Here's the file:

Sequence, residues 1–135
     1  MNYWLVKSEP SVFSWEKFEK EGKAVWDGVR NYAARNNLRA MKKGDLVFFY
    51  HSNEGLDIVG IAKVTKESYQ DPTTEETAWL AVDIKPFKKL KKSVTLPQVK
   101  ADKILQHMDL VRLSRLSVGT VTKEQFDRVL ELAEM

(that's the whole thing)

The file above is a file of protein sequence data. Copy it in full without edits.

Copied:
Sequence, residues 1–135
     1  MNYWLVKSEP SVFSWEKFEK EGKAVWDGVR NYAARNNLRA MKKGDLVFFY
    51  HSNEGLDIVG IAKVTKESYQ DPTTEETAWL AVDIKPFKKL KKSVTLPQVK
   101  ADKILQHMDL VRLSRLSVGT VTKEQFDRVL ELAEM